Got opinions on how the Federal Aviation Administration recreational flyer knowledge and safety test should be administered? The FAA will soon roll out a mandatory hobby drone pilot test for everyone looking to fly drones recreationally.
And the FAA is looking for drone and tech industry players to help out with that test, weighing in on how it should be administered. The FAA just posted a request for information (RFI) where you can submit your suggestions.
“While the FAA develops the training and test content, we’re seeking your help to ensure it is administered in an effective way,” the FAA said in a prepared statement. “We are looking for input from both private and public sectors on how to make the test easily accessible to drone users.”
Up until the new test goes into effect, passing a test has only been a requirement for commercial drone operators (people flying drones for money). Commonly called the Part 107 drone license test, all commercial operators must pass a written test, as required under the Federal Aviation Administration’s Part 107. That test is a series of 60 multiple choice questions with a single correct response for each one, and it can be taken at one of the 696 testing centers in the United States (find your local testing center here). One more sting: most test centers charge a fee of $150 to take the test.
In May, the FAA announced that hobby operators would also have to pass a test as part of a Congressional mandate. It’s unclear if there will be a fee to take the hobby test, how long it will take or what types of questions will be asked. Though, the FAA has implied that it would be conducted online (rather that in-person, like the commercial operator’s test.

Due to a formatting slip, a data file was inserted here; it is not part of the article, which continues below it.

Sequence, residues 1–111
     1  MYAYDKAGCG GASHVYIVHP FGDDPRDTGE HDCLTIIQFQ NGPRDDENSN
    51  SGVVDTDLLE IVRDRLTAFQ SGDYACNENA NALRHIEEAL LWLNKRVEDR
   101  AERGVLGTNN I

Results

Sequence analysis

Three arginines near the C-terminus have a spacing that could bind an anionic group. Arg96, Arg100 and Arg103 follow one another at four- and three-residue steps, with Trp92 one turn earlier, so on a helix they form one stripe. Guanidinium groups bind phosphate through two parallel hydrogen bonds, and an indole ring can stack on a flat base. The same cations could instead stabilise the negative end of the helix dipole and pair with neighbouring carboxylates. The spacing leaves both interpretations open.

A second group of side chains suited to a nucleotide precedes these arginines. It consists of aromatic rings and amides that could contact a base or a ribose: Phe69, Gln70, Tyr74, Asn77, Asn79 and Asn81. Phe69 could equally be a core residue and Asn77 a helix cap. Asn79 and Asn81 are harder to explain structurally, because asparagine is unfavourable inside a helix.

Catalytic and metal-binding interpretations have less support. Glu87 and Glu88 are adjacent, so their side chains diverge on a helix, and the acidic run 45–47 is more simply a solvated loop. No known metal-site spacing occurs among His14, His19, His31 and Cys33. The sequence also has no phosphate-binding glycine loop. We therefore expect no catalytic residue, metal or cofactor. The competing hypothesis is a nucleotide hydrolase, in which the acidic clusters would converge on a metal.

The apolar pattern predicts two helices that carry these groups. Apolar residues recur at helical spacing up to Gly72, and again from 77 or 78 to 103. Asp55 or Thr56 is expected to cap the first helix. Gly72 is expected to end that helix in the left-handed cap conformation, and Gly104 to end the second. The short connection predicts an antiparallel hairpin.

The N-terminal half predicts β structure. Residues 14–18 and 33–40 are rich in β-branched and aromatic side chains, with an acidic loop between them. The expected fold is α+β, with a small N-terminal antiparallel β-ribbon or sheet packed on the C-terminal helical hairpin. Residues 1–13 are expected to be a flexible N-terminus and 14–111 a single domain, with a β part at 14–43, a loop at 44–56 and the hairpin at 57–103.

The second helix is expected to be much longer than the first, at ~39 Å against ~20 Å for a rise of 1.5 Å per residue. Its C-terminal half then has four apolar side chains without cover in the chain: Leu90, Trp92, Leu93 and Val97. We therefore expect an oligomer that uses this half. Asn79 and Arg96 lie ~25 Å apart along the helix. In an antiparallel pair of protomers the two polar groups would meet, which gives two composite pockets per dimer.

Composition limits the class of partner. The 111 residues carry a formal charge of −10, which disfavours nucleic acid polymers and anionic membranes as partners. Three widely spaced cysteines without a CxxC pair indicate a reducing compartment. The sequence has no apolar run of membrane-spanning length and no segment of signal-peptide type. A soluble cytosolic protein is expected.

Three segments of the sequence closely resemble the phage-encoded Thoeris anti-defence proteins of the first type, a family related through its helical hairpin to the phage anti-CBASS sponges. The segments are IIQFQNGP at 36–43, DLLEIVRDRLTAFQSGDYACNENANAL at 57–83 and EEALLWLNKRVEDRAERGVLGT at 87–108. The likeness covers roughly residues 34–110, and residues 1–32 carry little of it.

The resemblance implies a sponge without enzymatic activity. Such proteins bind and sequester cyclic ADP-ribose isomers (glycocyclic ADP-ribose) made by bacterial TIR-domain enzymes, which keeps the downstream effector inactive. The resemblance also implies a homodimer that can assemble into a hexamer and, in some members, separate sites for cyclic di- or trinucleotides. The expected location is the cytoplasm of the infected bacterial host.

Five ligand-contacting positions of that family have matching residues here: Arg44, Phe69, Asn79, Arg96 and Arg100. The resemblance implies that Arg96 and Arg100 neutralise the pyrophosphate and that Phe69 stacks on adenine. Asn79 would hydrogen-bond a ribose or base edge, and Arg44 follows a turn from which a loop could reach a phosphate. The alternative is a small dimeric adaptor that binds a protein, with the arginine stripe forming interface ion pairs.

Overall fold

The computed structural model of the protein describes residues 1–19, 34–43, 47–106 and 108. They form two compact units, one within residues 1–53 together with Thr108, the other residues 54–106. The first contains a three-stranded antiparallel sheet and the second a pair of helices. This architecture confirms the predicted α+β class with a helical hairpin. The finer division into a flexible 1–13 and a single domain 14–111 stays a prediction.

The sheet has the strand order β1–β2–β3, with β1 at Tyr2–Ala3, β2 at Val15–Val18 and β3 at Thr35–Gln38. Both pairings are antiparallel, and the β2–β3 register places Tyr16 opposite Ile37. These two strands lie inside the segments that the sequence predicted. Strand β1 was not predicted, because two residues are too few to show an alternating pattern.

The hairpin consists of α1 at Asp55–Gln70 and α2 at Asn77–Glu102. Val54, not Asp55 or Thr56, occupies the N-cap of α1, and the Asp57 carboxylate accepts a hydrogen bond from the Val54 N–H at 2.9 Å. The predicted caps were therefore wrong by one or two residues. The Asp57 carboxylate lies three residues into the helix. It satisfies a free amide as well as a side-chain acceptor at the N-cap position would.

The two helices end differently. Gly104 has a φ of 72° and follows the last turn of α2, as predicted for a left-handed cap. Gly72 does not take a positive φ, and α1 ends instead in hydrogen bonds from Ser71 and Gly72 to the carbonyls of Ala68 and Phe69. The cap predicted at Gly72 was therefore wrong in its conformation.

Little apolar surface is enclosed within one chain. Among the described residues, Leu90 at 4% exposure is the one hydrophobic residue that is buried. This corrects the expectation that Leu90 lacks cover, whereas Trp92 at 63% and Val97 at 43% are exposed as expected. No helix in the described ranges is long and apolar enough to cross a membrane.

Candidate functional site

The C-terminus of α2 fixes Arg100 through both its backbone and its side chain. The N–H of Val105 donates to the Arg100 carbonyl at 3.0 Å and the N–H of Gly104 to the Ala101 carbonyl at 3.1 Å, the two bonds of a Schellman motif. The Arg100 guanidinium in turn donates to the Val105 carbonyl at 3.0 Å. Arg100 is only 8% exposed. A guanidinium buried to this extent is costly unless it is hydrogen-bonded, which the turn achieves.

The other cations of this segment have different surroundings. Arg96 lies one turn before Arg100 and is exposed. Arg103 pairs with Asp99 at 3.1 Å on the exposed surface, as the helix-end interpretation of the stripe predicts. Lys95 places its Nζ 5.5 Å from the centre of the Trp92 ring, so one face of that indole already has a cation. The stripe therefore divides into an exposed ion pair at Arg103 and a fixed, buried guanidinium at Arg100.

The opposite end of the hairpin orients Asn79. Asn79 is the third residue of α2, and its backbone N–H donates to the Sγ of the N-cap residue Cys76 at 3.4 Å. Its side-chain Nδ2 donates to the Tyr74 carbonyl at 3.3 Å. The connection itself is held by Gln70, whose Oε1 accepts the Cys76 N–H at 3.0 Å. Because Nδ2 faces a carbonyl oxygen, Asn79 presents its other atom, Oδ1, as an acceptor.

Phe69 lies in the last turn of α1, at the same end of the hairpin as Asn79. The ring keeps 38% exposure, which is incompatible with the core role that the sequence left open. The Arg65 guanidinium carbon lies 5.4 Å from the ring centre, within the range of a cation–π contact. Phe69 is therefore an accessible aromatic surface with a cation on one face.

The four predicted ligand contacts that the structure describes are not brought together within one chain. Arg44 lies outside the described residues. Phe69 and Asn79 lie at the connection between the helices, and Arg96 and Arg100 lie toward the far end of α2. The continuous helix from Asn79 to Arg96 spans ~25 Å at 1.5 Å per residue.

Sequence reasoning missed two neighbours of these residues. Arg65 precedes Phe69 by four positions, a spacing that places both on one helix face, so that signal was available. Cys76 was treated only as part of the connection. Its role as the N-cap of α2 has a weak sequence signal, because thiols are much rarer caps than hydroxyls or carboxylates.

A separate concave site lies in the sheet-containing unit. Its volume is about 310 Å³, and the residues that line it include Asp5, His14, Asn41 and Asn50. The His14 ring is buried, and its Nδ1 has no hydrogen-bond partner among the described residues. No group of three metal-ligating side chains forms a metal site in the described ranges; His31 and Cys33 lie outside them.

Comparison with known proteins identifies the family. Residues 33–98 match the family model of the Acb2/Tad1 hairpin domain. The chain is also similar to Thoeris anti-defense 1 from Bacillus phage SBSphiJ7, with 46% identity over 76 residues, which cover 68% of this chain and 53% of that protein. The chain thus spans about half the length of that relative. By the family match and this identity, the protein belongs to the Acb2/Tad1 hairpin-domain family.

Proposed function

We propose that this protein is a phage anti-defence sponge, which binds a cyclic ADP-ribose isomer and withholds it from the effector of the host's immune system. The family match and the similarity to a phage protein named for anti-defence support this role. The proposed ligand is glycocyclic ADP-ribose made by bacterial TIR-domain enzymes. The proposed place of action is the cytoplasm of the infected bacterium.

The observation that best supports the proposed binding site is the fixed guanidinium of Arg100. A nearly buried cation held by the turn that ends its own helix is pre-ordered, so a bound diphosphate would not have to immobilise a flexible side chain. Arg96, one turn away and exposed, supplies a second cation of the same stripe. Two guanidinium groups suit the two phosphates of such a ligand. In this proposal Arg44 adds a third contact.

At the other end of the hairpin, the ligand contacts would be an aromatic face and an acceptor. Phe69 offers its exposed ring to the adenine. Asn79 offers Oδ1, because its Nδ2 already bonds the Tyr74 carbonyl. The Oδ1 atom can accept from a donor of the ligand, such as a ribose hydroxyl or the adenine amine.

“We love that the drone community is growing so quickly, and because drones can be flown straight out-of-the box, we need to make sure that drone pilots only take flight once they know the FAA’s aviation rules and safety practices,” the FAA said in a statement.
As of now, though, recreational drone flyers are free to fly without any sort of license, and without needing to pass any sort of hobby drone pilot test Though, you still need to register your drone.
Of course, I recommend that everyone just pass the commercial test. The knowledge you gain from studying for it is tremendous, and . you get a cool license to prove your credibility once you pass! Check out this guide running through everything you need to know when taking the Part 107 test, or read through my personal account of taking the test!
Anyone can submit an RFI to the FAA, which will be accepting submissions between now and Sept. 12, 2019.